<section id="featured">
        <figure>
            <img src="/Images/Products/bread.jpg" alt="Featured Product Bread"/>
        </figure>
        <div>
            <header>
                <h2>Bread</h2>
            </header>
            <div>
                <p>$1.49</p>
                <p>Fresh baked French-style bread</p>
            </div>
            <div>
                <a title="Order Bread" href="/order/4" class="order-button">Order Now</a>
            </div>
        </div>
    </section>
    <section class="product">
        <header>
            <h2>Carrot Cake</h2>
        </header>
        <figure>
            <img class="thumbnail" src="/Images/Products/Thumbnails/carrot_cake.jpg" alt="Carrot Cake"/>
            <figcaption>A scrumptious mini-carrot cake encrusted with sliced almonds</figcaption>
        </figure>
        <p>
            <span>$8.99</span>
            <a class="order-button" href="/order/1" title="Order Carrot Cake">Order Now</a>
        </p>
    </section>
    <!-- More Products -->
<div/>

As you can see that other than using section we are also using the new figure and we are putting the product description in the figcaption also check that each section has its own header like the main document. Now if are wondering what are the css style that are responsible for the styling, here you go:

article, aside, header, figcaption, figure, footer, nav, section
{
    display: block;
}

.thumbnail
{
    background-color: #edece8;
    border: 1px #e6e3d8 solid;
    height: 200px;
    margin: 0 0 7px 0;
    padding: 6px;
    width: 200px;
}

.order-button
{
    background-color: #a52f09;
    border: 1px solid #712107;
    color: #fdfcf7 !important;
    float: right;
    padding: 2px 7px; 
    /*CSS3 properties*/
    -moz-border-radius: 4px;
    -webkit-border-radius: 4px;
    border-radius: 4px;
    -webkit-box-shadow: 1px 2px 4px rgba(136,136,136, 0.6);
    -moz-box-shadow: 1px 2px 5px #b4b4b4;
    box-shadow: 1px 2px 5px #b4b4b4;
}

header[role="banner"]
{
    height: 80px;
}

header[role="banner"] > h1 > a
{
    background: transparent url(../images/brand.png) no-repeat;
    float: left;
    height: 50px;
    margin: 15px;
    padding: 0;
    text-indent: -9999px;
    width: 340px;
}

header[role="banner"] > nav
{
    float: right;
    font-size: 1.4em;
    list-style: none;
}

header[role="banner"] > nav ul
{
    margin-top: 50px;
    list-style: none outside none;
}

header[role="banner"] > nav li
{
    float: left;
    margin-left: 30px;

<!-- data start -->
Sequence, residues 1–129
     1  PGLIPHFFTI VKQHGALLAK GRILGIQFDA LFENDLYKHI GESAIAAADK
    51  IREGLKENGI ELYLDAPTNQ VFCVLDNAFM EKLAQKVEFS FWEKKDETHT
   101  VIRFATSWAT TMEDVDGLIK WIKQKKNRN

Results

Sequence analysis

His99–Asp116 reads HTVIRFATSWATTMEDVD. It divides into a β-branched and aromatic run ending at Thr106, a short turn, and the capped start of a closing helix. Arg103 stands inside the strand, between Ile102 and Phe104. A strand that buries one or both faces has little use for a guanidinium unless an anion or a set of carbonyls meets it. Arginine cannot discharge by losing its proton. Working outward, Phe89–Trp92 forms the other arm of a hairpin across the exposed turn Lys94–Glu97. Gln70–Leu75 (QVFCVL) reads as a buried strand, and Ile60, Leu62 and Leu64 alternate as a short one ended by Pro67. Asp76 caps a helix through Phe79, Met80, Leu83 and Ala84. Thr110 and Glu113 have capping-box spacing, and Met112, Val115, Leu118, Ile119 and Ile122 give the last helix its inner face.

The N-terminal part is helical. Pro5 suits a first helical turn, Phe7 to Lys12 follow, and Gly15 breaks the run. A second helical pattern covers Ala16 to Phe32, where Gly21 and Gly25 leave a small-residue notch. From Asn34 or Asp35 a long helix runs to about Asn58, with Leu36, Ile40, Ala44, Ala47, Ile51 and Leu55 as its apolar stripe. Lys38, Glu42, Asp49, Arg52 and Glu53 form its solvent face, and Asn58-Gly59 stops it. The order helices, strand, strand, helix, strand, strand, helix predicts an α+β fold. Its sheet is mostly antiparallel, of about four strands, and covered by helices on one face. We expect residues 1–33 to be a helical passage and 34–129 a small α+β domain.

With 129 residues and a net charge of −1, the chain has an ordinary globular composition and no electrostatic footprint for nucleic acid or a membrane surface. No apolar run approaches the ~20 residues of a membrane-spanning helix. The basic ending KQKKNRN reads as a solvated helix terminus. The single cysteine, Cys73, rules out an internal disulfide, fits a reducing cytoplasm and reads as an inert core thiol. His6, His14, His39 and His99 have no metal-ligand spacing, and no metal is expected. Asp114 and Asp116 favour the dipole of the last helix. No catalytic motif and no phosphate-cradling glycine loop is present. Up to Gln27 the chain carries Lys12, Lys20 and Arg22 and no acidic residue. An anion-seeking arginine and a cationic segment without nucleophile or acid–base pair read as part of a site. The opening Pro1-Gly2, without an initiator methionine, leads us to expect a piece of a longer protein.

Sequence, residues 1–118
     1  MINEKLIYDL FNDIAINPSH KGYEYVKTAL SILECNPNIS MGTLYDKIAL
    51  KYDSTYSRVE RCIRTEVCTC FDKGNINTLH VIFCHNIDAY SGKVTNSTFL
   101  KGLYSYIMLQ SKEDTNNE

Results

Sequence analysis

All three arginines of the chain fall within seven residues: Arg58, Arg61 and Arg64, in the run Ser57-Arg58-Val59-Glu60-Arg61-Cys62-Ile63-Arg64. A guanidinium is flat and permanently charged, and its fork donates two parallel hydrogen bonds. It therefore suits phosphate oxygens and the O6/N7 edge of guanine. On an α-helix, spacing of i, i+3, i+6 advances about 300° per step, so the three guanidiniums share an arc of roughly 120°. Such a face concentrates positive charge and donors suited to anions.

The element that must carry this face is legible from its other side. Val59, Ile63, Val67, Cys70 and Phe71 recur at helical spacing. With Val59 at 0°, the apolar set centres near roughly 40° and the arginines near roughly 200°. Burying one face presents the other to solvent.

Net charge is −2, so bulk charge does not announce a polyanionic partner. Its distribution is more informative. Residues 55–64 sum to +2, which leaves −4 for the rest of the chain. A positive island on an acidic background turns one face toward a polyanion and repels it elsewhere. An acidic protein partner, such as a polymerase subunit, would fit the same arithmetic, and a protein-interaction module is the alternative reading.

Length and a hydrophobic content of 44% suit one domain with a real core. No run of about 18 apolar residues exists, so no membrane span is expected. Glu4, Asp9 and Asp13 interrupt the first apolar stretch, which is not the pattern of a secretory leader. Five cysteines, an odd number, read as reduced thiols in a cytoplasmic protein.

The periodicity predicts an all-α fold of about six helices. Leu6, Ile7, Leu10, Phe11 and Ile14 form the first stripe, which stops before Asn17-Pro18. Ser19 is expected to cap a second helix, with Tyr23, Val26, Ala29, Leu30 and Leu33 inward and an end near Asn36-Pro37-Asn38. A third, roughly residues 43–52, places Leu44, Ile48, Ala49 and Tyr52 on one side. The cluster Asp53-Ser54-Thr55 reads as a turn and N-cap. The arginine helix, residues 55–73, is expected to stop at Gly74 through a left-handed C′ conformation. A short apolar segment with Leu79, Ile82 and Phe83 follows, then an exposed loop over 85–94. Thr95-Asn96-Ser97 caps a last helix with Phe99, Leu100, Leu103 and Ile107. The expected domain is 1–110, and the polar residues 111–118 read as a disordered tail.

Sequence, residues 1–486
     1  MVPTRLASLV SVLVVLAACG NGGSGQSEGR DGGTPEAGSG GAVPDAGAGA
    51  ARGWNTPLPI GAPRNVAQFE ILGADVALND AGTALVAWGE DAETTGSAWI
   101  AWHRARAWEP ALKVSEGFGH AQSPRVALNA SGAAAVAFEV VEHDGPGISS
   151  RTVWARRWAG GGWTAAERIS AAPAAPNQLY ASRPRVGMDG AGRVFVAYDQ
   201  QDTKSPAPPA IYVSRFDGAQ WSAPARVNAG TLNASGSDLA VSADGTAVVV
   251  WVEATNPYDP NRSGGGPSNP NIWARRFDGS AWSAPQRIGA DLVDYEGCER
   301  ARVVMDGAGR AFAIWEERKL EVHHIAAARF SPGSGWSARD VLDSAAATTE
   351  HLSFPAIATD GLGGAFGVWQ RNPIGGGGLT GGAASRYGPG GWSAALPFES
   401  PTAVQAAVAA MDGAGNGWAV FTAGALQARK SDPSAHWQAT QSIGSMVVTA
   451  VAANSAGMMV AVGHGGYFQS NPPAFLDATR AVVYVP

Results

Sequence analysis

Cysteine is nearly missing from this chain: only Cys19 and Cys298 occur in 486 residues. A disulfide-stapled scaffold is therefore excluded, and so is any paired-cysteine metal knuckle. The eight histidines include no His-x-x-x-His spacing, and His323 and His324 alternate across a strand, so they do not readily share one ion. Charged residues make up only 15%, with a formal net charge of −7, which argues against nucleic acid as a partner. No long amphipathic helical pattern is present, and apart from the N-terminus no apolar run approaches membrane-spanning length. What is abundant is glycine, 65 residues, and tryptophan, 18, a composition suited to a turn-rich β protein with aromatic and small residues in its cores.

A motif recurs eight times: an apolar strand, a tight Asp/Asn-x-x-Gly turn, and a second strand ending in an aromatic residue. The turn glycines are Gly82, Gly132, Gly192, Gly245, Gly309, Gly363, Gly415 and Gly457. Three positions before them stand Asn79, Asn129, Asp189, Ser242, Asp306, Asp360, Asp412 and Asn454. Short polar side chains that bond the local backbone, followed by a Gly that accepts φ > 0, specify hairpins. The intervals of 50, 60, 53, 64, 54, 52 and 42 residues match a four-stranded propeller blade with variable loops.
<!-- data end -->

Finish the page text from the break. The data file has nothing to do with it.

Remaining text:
}

div[role="main"]
{
    border-top: 1px dotted #5d5a53;
    clear: both;
    margin-bottom: 20px;
    padding-top: 20px;
    overflow: hidden;
}

#featured
{
    background-color: #fdfcf7;
    border: 4px solid #e6e3d8;
    height: 300px;
    margin: 20px auto;
    width: 920px;
    /*CSS3 properties*/
    -moz-border-radius: 6px;
    -webkit-border-radius: 6px;
    border-radius: 6px;
    -webkit-box-shadow: 0px 2px 5px #888;
    -moz-box-shadow: 0px 2px 5px #888;
    box-shadow: 0px 2px 5px #888;
}

#featured > figure
{
    float: left;
    /*CSS3 properties*/
    -moz-border-radius: 3px 0px 0px 3px;
    -webkit-border-radius: 3px 0px 0px 3px;
    border-radius: 3px 0px 0px 3px;
}

#featured > div
{
    float: right;
    height: 100%;
    padding: 0 10px;
    position: relative;
    width: 230px;
}

#featured > div h2
{
    font-size: 2.5em;
    font-weight: normal;
    margin: 5px 0;
}

#featured > div header + div p
{
    font-size: 1.75em;
    margin: 5px 0;
}

#featured > div header + div p + p
{
    font-size: 1.2em;
    margin: 0;
}

#featured > div header + div + div
{
    position: absolute;
    left: 5px;
    right: 5px;
    bottom: 10px;
    width: 230px;
}

#featured > div header + div + div a.order-button
{
    font-size: 2em;
    padding: 5px 0;
    text-align: center;
    width: 220px;
}

.product
{
    float: left;
    margin: 10px 12px;
    width: 215px;
}

.product h2
{
    font-size: 1.75em;
    font-weight: normal;
    margin: 0 0 5px 0;
    padding: 0;
}

.product > figure
{
    height: 250px;
}

.product > p
{
    margin-top: 2em;
}

.product > p > span
{
    float: left;
    font-size: 1.5em;
}

One of the thing that I find incorrect in the WebMatrix template Css3 styling is the ordering, rather than calling it incorrect let me call it as backward looking rather than forward looking, for example when declaring the styles they decide to put the standard declaration first then the browser extension, but the correct order should be the browser extension first then the standard declaration:

Backward looking:

border-radius: 4px; 
-moz-border-radius: 4px;
-webkit-border-radius: 4px;
box-shadow: 1px 2px 5px #b4b4b4;
-webkit-box-shadow: 1px 2px 4px rgba(136,136,136, 0.6);
-moz-box-shadow: 1px 2px 5px #b4b4b4;

Forward looking:

-moz-border-radius: 4px;
-webkit-border-radius: 4px;
border-radius: 4px;
-webkit-box-shadow: 1px 2px 4px rgba(136,136,136, 0.6);
-moz-box-shadow: 1px 2px 5px #b4b4b4;
box-shadow: 1px 2px 5px #b4b4b4;

Now, lets see the other two pages, first the order page which show an order form, but the form does not have any html5 input types and attributes. The following shows the WebMatrix template version:

<form action="" method="post">
    <fieldset class="no-legend">
        <legend>Place Your Order</legend>
        <img class="product-image order-image" src="../Images/Products/Thumbnails/cupcakes.jpg" alt="Image of Cupcakes"/>
        <ol>
            <li class="email">
                <label for="orderEmail">Your Email Address</label>